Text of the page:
Landon Donovan, the face of a resurgent American soccer program, walked off the field for the final time Friday night after fifteen years with the U.S. Men’s National Team.

The game – a friendly with Ecuador at Rentschler Field in East Hartford, Connecticut – ended in a 1-1 tie and Donovan didn’t score. But it still ended up an emotional sendoff for the 32-year-old forward, who played 40 minutes before a crowd of 36,000, and after the game, led the U.S. MNT’s most diehard fans, known as the American Outlaws, in their signature chant, “I Believe That We Will Win.”

After the game, Donovan reflected on his long tenure and relationship with the fans.

“As a human being, to feel that kind of love and support is incredible,” he said. “I’ve put a lot into this game, however many years, and tonight feels like it was worth it. I’m very grateful.”

The official Landon Donovan Facebook page has featured a number of look-backs at his lengthy career, including video of his first goal and under-17 team profile for the #FBF (Flashback Friday) hashtag.

Donovan is the all-time leading scorer in U.S. Soccer, with 57 goals for the national team. In a controversial move by coach Jurgen Klinsmann that angered the star forward, he was cut from the team’s roster before this summer’s World Cup.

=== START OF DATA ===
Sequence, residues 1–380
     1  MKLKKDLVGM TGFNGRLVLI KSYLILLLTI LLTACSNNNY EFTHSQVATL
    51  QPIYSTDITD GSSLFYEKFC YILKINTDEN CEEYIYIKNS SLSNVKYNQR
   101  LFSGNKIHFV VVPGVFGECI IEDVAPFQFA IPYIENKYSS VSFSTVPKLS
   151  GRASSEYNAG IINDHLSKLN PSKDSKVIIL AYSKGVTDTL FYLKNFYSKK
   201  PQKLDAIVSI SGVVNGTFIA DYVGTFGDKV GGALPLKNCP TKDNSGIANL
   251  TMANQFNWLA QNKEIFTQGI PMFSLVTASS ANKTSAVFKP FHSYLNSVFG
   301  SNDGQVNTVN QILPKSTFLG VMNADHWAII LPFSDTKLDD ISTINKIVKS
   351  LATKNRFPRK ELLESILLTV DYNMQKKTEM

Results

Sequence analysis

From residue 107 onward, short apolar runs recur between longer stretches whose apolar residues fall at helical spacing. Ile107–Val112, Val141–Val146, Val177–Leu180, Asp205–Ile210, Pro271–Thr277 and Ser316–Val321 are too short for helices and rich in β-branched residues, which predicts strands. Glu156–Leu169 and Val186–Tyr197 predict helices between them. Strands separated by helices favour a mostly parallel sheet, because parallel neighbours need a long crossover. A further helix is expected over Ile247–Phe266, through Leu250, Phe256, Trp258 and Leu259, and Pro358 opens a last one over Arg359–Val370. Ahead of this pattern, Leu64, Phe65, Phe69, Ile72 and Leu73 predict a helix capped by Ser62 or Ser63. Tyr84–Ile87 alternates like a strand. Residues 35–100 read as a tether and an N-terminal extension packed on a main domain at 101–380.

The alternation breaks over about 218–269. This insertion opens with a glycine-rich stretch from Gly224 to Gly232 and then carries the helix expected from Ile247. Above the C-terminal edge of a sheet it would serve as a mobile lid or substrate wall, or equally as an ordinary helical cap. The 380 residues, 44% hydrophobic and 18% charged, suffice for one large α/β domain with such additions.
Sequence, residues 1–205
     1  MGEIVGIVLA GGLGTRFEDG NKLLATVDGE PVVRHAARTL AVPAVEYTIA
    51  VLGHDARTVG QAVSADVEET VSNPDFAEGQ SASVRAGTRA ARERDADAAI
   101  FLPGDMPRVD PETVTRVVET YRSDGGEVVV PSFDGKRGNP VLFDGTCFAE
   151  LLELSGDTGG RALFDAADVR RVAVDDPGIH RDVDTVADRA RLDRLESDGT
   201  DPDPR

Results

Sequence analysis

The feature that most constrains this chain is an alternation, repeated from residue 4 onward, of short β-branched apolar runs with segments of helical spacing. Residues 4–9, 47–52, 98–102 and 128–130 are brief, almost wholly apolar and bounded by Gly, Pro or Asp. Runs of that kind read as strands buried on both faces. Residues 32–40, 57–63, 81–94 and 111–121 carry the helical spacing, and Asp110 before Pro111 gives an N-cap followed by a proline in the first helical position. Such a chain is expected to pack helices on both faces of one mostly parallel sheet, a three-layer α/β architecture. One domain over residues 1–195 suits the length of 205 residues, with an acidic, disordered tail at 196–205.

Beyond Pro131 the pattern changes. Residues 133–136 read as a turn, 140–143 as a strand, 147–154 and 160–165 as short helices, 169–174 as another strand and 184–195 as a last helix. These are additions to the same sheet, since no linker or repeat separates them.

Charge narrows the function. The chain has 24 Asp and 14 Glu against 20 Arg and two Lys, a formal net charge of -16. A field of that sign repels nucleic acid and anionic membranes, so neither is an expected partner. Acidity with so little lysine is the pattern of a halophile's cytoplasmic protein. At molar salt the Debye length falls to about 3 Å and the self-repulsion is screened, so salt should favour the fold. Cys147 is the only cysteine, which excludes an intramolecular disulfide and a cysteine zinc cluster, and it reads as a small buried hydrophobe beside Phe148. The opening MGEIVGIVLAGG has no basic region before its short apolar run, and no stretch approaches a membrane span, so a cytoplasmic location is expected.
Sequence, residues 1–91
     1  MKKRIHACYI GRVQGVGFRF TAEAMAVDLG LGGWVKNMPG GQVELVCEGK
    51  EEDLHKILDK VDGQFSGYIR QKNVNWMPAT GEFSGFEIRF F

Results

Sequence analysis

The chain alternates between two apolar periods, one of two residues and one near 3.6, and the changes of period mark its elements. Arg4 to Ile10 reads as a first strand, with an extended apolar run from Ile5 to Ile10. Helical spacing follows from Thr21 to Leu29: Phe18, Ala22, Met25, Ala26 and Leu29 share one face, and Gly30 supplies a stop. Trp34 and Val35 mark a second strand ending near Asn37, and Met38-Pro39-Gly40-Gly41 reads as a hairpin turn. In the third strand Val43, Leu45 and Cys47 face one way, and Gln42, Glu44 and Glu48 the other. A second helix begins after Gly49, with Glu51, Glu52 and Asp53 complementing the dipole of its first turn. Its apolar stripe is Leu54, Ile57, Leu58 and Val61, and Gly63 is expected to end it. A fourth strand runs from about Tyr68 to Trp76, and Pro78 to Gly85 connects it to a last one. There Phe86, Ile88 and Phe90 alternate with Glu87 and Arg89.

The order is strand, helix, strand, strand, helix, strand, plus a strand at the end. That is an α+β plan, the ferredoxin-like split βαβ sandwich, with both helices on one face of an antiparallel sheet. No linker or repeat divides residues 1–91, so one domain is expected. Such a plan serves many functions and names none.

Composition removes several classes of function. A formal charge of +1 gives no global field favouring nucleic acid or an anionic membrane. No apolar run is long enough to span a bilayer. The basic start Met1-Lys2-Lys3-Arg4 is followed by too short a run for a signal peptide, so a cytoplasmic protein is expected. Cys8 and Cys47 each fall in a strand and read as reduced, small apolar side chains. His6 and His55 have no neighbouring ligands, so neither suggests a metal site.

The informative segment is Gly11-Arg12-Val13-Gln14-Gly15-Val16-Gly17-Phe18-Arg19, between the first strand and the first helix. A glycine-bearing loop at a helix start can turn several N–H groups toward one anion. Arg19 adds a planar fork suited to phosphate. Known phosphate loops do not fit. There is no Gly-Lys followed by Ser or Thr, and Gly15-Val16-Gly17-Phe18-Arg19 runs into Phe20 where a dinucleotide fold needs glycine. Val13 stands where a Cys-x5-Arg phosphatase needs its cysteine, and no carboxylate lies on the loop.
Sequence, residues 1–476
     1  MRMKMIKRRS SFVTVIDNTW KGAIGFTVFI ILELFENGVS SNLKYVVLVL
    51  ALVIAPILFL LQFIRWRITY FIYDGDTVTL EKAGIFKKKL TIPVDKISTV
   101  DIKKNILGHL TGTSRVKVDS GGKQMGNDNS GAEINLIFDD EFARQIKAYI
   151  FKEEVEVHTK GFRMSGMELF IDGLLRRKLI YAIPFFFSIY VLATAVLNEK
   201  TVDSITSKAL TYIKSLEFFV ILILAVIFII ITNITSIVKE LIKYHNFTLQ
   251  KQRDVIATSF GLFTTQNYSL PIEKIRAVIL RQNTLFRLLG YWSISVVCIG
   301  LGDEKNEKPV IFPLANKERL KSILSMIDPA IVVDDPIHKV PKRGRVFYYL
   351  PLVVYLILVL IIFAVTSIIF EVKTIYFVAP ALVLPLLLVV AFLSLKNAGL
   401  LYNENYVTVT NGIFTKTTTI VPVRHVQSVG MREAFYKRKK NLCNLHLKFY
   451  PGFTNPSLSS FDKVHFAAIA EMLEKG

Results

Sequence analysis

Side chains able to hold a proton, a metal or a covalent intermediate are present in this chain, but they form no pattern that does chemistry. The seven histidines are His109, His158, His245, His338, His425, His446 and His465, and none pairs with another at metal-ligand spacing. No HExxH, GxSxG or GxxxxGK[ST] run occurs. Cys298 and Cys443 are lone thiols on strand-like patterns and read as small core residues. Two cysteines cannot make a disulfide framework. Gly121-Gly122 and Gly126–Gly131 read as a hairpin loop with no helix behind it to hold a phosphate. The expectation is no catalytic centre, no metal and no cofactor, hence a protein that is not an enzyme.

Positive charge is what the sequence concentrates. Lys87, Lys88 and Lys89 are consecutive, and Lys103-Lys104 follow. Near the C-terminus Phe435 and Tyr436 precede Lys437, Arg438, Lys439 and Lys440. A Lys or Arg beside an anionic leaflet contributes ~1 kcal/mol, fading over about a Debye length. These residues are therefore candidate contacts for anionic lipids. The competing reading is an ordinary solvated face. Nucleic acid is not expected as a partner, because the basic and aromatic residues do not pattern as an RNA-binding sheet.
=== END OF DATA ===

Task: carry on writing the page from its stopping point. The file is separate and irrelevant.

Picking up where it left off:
The two men spoke Friday for the first time since that decision, and they tried to make the best of it when speaking to the press.

“He told me he should have taken me to Brazil,” Donovan said, according to, before adding, “No, I’m just kidding.”

Donovan did say that he “had a good conversation” with the coach, and “both agreed that we wanted tonight to be about tonight, and that’s it.”

For his part, Klinsmann said

We wish him only the best. I told him before the game that this door is always open for him. This is his team. He built this cycle, he built this team, he built so many things for US soccer. He deserves the biggest crowd, the biggest cheers. We all told him before the game to enjoy it.

But despite that finish, Donovan has seen American soccer succeed far beyond anything he may have expected at the start of his long career in international play.

“I am proudest of this, what we have built,” he said Friday, according to the USA Today. “It wouldn’t be like this 10 years ago. I believe things work out the way they are supposed to. It has been an emotional week. I am going to miss this.”

His fans, and a grateful U.S. Soccer program, likely empathize. But as the Landon Donovan era comes to a close, they can look ahead to a new chapter that owes a debt to Number 10.

[photo credit: niallkennedy]